Future amphibious assaults will most likely look nothing like the famous World War II Iwo Jima attack, which was largely linear, straight ahead, and led by thousands of committed Marines willing to absorb enemy fire to take the beachhead.
Now, the advent of autonomy, AI-enabled unmanned systems, long-range sensors, and weapons, not to mention 5th-Generation close air support, have radically altered the strategic equation regarding how amphibious warfare would likely be conducted. Dispersed, yet closely networked fleets would consist of a mix of armed platforms to include surface ships with “over-the-horizon” missiles, ship-to-shore connectors loaded with Abrams tanks, undersea, aerial, and surface drones. These drones would conduct reconnaissance looking for weak or less defended points along the enemy coastline while V-22 Osprey military aircraft and even amphibious-launched F-35B fighter jets supported the approach. AI-enabled large and small, surface and undersea drones will coordinate operations, share pressing target information and even conduct high-risk attacks while Marines and sailors perform command and control at safer standoff regions.
At the risk of oversimplifying, future amphibious warfare will not only rely heavily upon unmanned systems and a new generation of air support but also one simple word. Range. This is critical from both an offensive and defensive standpoint, meaning amphibious attacks will need to be conducted with the understanding that advanced enemies operate extremely accurate and precise long-range weapons, sensors, and guidance systems.
These dynamics and combat variables are likely part of the conceptual inspiration for why the Marine Corps recently shot off the Raytheon-built Naval Strike Missile from land-based vehicles, introducing an innovative and as of yet unprecedented adaptation of a ship-launched “over-the-horizon” weapon now arming Littoral Combat Ships and planned for the Navy’s new Constellation-class Frigate.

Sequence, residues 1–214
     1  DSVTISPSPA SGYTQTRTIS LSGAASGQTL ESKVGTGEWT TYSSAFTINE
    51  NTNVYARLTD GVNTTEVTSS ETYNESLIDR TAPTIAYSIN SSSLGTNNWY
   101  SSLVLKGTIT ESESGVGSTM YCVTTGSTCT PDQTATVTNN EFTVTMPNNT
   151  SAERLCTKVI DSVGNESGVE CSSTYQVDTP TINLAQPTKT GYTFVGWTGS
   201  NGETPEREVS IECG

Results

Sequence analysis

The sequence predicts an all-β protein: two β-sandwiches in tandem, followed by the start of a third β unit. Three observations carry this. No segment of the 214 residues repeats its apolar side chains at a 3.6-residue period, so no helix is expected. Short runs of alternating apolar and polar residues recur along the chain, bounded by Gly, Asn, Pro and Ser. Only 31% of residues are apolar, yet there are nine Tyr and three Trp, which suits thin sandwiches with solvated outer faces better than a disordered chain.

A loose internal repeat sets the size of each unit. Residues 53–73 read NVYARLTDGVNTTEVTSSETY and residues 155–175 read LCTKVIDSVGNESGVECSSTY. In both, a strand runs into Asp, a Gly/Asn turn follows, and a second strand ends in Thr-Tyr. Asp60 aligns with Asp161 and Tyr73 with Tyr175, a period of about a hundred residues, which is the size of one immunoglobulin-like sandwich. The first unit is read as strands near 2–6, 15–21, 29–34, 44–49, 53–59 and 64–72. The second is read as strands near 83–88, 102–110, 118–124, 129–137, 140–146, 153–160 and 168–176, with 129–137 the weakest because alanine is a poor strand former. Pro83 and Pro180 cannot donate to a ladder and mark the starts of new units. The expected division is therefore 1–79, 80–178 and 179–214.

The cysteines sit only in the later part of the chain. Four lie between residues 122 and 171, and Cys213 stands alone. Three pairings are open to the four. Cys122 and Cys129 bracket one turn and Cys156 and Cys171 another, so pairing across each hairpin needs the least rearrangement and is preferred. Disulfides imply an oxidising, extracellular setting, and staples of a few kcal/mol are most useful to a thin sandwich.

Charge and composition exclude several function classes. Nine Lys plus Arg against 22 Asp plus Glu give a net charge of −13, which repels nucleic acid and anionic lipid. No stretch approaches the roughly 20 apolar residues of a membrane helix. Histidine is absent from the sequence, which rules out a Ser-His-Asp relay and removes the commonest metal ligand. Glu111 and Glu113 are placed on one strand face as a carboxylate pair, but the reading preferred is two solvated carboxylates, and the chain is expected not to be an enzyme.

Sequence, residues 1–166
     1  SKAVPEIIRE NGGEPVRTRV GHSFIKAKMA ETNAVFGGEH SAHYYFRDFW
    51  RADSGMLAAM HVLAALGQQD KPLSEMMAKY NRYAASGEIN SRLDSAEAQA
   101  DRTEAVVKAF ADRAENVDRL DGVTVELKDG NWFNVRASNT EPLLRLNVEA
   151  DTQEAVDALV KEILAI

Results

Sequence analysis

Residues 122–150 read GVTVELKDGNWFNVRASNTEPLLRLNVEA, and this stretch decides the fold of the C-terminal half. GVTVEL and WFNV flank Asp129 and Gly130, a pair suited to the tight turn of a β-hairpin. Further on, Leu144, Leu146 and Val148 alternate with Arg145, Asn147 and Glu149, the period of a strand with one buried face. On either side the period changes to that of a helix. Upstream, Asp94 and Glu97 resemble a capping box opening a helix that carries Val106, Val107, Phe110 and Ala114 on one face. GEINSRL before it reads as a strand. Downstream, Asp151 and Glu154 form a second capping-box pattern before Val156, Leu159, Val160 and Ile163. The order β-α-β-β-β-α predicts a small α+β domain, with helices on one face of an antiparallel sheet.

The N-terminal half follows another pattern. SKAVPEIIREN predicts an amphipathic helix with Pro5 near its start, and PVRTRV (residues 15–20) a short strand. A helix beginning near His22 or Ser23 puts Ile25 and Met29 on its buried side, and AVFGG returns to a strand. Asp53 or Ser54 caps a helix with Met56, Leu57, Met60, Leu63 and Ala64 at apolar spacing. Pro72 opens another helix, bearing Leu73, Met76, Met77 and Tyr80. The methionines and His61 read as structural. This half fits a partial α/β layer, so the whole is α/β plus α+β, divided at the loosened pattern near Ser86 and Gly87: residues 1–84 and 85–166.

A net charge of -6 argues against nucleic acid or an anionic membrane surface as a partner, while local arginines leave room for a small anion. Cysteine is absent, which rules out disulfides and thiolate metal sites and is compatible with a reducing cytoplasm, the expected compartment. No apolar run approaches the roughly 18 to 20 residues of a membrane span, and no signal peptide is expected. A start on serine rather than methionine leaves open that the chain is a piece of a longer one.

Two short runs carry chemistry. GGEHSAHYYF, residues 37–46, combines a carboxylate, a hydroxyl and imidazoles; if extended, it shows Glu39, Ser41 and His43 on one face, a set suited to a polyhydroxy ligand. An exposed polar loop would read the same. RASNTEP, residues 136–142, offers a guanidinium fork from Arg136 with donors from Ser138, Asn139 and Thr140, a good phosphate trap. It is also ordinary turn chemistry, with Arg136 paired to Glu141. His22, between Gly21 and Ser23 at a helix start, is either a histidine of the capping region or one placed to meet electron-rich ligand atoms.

The recent Marine Corps live-fire event, which took place from Point Mugu Sea Range, California, last November, involved shooting a high-tech, precision-guided weapon over the horizon from land. This adaptation took a ship-launched weapon and made slight modifications to ensure it could fire successfully from land, introducing new tactics to modern amphibious warfare. The Marines call the nascent program Ground-Based Anti-Ship Missile, or GBASM.
“The Marines are making this cultural shift to sea denial and sea control. one of the common priorities,” Randy Kempton, NSM & Tomahawk Program Director, told The National Interest in an interview.
The Marine Corps GBASM will be a disaggregated, multi-domain mix of combat tactics and variables to include advanced maritime, air, and land-based operations, including an ability for newer kinds of land-sea “island-hopping” amphibious attack. In these circumstances, Marines and even heavy weapons transport will transition quickly from sea to shore and back. Weapon systems primarily thought of as surface fire are now being configured as mobile, adaptable attack platforms able to transport from ships to land-firing locations and back, depending upon threats and mission requirements.
Kris Osborn is the defense editor for the National Interest. Osborn previously served at the Pentagon as a Highly Qualified Expert with the Office of the Assistant Secretary of the Army—Acquisition, Logistics & Technology. Osborn has also worked as an anchor and on-air military specialist at national TV networks. He has appeared as a guest military expert on Fox News, MSNBC, The Military Channel, and The History Channel. He also has a master’s degree in Comparative Literature from Columbia University.